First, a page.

Flooded car supermarket loses MCC tribunal ruling
We have had a relative dry winter so far this year, but the periodical risk of flooding is causing some head-scratching among experts and specifically if it can be interpreted as a Material Change in Circumstances (MCC) for businesses affected by it.
A recent decision of the Upper Tribunal (Lands Chamber in The Appeal of Moore (VO) (2018) UKUT 0324 (LC) was made on the basis of written representations. This appeal concerned a car supermarket site in the Hessle Dock area of Hull where the site was severely flooded in 2013, resulting in 800 cars being written off.
Following that flooding the Environment Agency re-categorised the site into its highest risk category for flooding and the occupier was unable to obtain insurance against flooding. As a result, the tenant was able to agree a 25% rent reduction with its landlord to reflect the risk and, in 2015, made a proposal seeking a reduction in its rating assessment on the basis that the flood risk represented a MCC.
The Valuation Officer (VO) initially accepted the proposal as valid but, when the matter came to be heard by the Valuation Tribunal for England (VTE), the VO changed its position and argued the ratepayer’s proposal wasn’t valid as the matters that it referred to didn’t represent a MCC.
The VTE considered the fact that the property was no longer insurable against flooding and that a rent reduction had been agreed, showed that the value of the property had been affected beyond the immediate flooding. Although there was no flooding at the date of the ratepayer’s proposal in 2015, the VTE was satisfied that the future risk represented a MCC and found that the ratepayer’s proposal was a valid one.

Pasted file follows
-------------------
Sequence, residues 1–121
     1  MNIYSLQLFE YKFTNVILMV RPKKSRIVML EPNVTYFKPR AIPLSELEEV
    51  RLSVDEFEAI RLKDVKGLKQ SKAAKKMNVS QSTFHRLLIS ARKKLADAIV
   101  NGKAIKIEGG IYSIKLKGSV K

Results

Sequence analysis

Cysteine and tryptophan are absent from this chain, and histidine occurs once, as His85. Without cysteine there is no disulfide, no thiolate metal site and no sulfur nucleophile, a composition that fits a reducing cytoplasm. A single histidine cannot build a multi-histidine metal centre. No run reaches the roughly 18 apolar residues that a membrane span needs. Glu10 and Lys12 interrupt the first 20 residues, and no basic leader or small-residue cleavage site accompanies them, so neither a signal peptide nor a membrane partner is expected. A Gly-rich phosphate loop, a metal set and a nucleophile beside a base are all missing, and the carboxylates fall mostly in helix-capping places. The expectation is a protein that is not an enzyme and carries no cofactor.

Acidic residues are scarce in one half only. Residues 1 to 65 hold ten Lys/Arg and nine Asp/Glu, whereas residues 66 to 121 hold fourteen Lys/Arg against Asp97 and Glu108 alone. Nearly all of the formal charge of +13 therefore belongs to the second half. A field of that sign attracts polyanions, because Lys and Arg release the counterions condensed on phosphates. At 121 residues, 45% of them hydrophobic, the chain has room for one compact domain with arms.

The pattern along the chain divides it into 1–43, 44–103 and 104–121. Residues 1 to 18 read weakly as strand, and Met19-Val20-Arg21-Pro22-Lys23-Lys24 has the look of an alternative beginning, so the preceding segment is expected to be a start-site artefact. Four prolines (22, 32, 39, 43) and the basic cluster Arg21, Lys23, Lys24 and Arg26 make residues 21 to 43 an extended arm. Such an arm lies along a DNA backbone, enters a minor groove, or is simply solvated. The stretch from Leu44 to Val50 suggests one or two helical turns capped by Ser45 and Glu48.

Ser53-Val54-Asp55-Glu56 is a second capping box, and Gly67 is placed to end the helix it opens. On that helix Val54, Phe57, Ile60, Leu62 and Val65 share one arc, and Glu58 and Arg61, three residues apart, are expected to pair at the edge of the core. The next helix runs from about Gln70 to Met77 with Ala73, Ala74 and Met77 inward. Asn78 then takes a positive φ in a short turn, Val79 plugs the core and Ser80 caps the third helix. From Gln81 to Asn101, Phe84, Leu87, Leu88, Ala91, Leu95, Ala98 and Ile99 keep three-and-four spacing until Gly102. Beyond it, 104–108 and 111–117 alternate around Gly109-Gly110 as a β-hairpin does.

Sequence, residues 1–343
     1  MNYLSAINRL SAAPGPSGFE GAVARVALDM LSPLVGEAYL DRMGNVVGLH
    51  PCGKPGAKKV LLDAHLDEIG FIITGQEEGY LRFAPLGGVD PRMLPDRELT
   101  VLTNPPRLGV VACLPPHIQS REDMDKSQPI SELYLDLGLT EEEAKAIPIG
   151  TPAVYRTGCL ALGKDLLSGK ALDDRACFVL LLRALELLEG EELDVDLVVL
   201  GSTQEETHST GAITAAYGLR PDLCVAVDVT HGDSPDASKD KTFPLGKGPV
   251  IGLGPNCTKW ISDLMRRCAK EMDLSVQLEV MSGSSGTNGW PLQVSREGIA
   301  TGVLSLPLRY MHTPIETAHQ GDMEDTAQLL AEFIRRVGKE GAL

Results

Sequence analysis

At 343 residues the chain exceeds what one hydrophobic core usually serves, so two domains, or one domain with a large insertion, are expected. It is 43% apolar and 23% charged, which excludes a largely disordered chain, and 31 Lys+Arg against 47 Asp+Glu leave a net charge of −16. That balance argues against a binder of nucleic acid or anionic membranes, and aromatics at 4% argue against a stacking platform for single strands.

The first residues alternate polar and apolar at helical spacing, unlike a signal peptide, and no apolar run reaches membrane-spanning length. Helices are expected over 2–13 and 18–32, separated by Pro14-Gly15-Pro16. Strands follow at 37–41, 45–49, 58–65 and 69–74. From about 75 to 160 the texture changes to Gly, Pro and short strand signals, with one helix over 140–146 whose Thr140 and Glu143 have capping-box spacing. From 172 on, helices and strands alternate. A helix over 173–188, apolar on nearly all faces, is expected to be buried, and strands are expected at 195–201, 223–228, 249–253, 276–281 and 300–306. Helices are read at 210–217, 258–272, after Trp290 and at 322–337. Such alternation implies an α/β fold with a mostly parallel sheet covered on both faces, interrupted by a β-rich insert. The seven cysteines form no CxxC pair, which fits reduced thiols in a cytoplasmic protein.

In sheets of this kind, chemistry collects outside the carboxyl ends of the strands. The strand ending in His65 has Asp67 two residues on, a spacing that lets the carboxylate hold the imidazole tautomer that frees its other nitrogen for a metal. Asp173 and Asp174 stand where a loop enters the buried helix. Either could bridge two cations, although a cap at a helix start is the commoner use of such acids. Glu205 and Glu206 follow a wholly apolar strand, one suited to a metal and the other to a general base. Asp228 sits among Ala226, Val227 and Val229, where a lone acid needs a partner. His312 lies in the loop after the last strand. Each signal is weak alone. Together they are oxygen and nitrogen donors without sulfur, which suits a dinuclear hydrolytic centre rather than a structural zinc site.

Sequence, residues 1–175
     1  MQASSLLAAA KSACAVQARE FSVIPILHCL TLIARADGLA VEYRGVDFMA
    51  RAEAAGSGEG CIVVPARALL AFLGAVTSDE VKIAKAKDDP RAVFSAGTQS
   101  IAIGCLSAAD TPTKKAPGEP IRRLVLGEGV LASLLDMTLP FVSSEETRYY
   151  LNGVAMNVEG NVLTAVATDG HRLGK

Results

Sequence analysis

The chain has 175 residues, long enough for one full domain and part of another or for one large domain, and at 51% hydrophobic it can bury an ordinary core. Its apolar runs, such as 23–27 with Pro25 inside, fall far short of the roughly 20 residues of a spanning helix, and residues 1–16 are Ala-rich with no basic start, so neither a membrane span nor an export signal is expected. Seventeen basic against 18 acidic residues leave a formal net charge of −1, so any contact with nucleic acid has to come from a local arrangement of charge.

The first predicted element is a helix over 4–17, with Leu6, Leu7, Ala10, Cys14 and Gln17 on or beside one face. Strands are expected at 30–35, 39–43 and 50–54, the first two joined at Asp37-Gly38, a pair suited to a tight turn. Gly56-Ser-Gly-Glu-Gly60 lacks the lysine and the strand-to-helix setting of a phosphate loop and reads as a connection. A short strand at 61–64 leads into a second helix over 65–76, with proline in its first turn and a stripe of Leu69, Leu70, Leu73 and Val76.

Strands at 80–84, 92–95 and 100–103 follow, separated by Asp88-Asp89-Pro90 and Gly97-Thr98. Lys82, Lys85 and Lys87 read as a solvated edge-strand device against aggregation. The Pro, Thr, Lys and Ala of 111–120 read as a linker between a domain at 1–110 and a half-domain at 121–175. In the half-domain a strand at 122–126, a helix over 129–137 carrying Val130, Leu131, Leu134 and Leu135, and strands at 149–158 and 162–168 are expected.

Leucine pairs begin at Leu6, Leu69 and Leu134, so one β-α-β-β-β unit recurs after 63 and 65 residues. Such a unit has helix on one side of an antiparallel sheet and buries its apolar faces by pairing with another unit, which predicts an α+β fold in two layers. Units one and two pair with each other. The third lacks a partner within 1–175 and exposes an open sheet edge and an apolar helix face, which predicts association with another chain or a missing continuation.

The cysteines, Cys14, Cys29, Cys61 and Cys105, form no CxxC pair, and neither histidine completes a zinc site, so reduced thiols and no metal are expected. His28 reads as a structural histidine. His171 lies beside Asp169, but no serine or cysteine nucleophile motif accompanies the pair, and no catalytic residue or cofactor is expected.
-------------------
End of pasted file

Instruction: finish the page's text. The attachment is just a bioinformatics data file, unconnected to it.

The VO appealed against this decision and the ratepayer didn’t respond to the VO’s appeal. The VO contended that the future risk of flooding was not a MCC and flooding is a periodic occurrence with the risk reflected in rental values at the relevant valuation date.
The ratepayer’s proposal was made in March 2015 at a date when there was no flooding, and more than a year after the last flooding. On the relevant day, the date of the ratepayer’s proposal, there was no disrepair to the property and no physical evidence of flooding.
The Upper Tribunal’s decision found that neither the rent reduction, nor the refusal of insurance were either “physical changes” or matters that were “physically manifest” at the relevant date. There was also no evidence that the Environment Agency’s re-categorisation of the flooding risk was physically manifest at the date of the appeal. As the ratepayer’s proposal had not identified any material change within the meaning of the legislation, the proposal wasn’t valid and the VO’s appeal allowed.
The Upper Tribunal’s analysis follows its earlier guidance and is likely to be seen as uncontroversial. However, we are left still with an interesting question.
The hypothetical basis of valuation for rating requires an assumption that the tenant bears the costs of any insurance for the property; but how can that be recognized in circumstances where insurance is simply not available at any premium?
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